Mapping Climate Justice: Future Climate Wealth of Nations

Mapping Climate Justice: Future Climate Wealth of Nations

Julia Margarete Puaschunder (Columbia University, USA & Princeton University, USA & The New School, USA)
DOI: 10.4018/978-1-5225-8003-4.ch009
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A three-dimensional climate justice approach introduces to share the benefits and burden of climate change in an economically efficient, legally equitable, and practically feasible way around the globe. Climate justice within a country pays tribute to low- and high-income households carrying the same burden proportional to their dispensable income through consumption tax, progressive carbon taxation, and a corporate inheritance tax. Climate change burden sharing between countries ensures those countries benefiting more from a warmer environment bear higher responsibility regarding climate change mitigation and adaptation. Climate justice over time is proposed by an innovative bonds climate change burden sharing strategy.
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Climate change winners and losers around the world: Based on the optimal temperature for Gross Domestic Production (GDP) measured on the pillars of agriculture, industry and service sector productivity, the optimal temperature condition for economic productivity can be derived per country. Given data of the average temperature per country around the world as well as climate projections of the year 2100 under a business as usual path, the world is found to macro-economically benefit from climate change more until 2100 than lose (Puaschunder, 2016a; Puaschunder, 2016b; Puaschunder, 2016c; Puaschunder, 2016d). Figure 1 holds Climate Change Winners (Green & Yellow) and Losers (Orange & Red). Yet these overall gains are distributed highly unequally around the world.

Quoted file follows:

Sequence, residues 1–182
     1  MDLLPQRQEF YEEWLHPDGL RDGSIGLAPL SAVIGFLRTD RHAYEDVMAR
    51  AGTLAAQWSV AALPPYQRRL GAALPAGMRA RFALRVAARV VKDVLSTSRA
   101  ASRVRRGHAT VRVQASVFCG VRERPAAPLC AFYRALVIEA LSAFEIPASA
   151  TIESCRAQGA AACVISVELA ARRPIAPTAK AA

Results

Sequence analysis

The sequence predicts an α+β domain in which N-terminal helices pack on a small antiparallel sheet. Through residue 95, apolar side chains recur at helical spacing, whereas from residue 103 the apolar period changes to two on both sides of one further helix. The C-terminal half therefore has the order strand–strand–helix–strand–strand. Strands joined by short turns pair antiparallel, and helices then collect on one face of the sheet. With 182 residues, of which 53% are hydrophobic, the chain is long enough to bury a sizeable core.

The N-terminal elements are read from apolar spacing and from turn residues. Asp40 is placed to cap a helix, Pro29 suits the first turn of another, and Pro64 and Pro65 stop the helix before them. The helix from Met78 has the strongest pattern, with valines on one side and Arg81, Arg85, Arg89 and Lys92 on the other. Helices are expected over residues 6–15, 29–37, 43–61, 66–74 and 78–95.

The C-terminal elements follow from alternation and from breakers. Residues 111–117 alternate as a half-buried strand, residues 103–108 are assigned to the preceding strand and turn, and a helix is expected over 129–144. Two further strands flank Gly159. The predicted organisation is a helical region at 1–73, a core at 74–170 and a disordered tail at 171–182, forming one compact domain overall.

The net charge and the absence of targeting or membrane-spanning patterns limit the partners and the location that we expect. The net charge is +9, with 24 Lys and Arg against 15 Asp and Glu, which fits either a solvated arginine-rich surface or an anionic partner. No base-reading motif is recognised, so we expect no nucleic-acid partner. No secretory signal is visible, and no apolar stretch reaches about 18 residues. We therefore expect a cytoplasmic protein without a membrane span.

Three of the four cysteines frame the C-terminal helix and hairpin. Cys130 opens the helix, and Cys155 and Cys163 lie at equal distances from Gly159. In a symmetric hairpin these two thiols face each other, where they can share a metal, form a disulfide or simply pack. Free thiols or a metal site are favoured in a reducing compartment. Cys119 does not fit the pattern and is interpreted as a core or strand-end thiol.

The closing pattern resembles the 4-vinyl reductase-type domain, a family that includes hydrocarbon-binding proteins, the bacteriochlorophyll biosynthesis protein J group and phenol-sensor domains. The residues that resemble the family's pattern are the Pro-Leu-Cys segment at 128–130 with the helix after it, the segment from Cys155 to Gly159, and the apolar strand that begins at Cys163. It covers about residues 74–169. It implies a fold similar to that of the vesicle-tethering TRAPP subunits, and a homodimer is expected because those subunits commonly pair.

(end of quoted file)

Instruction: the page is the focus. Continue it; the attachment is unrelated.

Green countries are those that have the most time ahead until reaching the optimal temperature for GDP production by climate, yellow countries have some time ahead. Orange and red countries will have run out of time by 2100 for GDP productivity by temperature. Winning and losing from a warming earth is significantly positively correlated with self-reported CO2 emissions, leading to the conclusion that the countries with the longest time horizon regarding a warming earth lack motivation to mitigate global climate change. Detected climate-induced migration streams and financial flows manifest that different part of the earth are affected differently by a warming earth. Future climate wealth of nations is expected to increase its importance for the society well-being in the future.

Figure 1.

Climate change winners and losers around the world


Future wealth of nations is introduced by the concept of climate flexibility defined as the range of temperature variation of a country. In a changing climate, temperature range flexibility is portrayed as a future asset for international trade of commodities but also for production flexibility leading to comparative advantages of countries. A broad spectrum of climate zones has never been defined as asset and comparative edge in free trade but climate change will require territories being more flexible in terms of changing economic production. The more climate variation a nation state possesses, this chapter argues, the more degrees of freedom a country has in terms of GDP production capabilities in a differing climate. These preliminary insights aid in answering what financial patterns can we expect given predictions the earth will become hotter. Already now, the degree of climate flexibility is found to be related to human migration inflow and is predicted to determine future climate wealth of nations in a climate changing world. Lastly, future climate change induced market changes are pegged to scarcity of agriculture production and a prospect of commodity price spikes is given.


Study 1


Based on a 187 country-strong dataset, a significantly positive inflow of migrants was found into the climate change winner countries. A statistically significant correlation highlights a positive Foreign Direct Investment (FDI) inflow into the territories that have more time ahead towards temporal peak condition for GDP production. No significant remittances flow to climate change loser countries is found. The results underline the need to redistribute the gains from climate change to offset losses incurred from global warming and demand for a recognition of climate refugees under the Geneva Convention.

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